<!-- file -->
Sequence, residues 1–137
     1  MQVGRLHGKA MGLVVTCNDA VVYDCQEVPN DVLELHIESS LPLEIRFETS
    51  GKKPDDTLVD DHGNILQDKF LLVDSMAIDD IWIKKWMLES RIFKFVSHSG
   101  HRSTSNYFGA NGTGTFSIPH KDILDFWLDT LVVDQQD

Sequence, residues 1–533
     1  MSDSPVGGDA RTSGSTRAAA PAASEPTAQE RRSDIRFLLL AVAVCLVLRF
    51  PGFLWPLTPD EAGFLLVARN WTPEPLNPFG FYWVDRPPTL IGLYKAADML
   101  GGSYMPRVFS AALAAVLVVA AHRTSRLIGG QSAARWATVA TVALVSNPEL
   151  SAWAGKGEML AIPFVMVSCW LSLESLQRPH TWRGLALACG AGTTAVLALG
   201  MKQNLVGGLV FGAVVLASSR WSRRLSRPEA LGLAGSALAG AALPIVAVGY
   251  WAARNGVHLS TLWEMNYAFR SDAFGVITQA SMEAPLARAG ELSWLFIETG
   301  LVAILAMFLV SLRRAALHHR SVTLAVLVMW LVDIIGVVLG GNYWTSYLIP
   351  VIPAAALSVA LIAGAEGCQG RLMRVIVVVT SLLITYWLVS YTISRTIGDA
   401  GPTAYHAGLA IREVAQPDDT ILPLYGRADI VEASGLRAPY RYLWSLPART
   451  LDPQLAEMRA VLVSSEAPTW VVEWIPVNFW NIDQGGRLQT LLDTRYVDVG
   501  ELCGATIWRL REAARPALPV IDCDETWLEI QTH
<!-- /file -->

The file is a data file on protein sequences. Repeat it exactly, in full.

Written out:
Sequence, residues 1–137
     1  MQVGRLHGKA MGLVVTCNDA VVYDCQEVPN DVLELHIESS LPLEIRFETS
    51  GKKPDDTLVD DHGNILQDKF LLVDSMAIDD IWIKKWMLES RIFKFVSHSG
   101  HRSTSNYFGA NGTGTFSIPH KDILDFWLDT LVVDQQD

Sequence, residues 1–533
     1  MSDSPVGGDA RTSGSTRAAA PAASEPTAQE RRSDIRFLLL AVAVCLVLRF
    51  PGFLWPLTPD EAGFLLVARN WTPEPLNPFG FYWVDRPPTL IGLYKAADML
   101  GGSYMPRVFS AALAAVLVVA AHRTSRLIGG QSAARWATVA TVALVSNPEL
   151  SAWAGKGEML AIPFVMVSCW LSLESLQRPH TWRGLALACG AGTTAVLALG
   201  MKQNLVGGLV FGAVVLASSR WSRRLSRPEA LGLAGSALAG AALPIVAVGY
   251  WAARNGVHLS TLWEMNYAFR SDAFGVITQA SMEAPLARAG ELSWLFIETG
   301  LVAILAMFLV SLRRAALHHR SVTLAVLVMW LVDIIGVVLG GNYWTSYLIP
   351  VIPAAALSVA LIAGAEGCQG RLMRVIVVVT SLLITYWLVS YTISRTIGDA
   401  GPTAYHAGLA IREVAQPDDT ILPLYGRADI VEASGLRAPY RYLWSLPART
   451  LDPQLAEMRA VLVSSEAPTW VVEWIPVNFW NIDQGGRLQT LLDTRYVDVG
   501  ELCGATIWRL REAARPALPV IDCDETWLEI QTH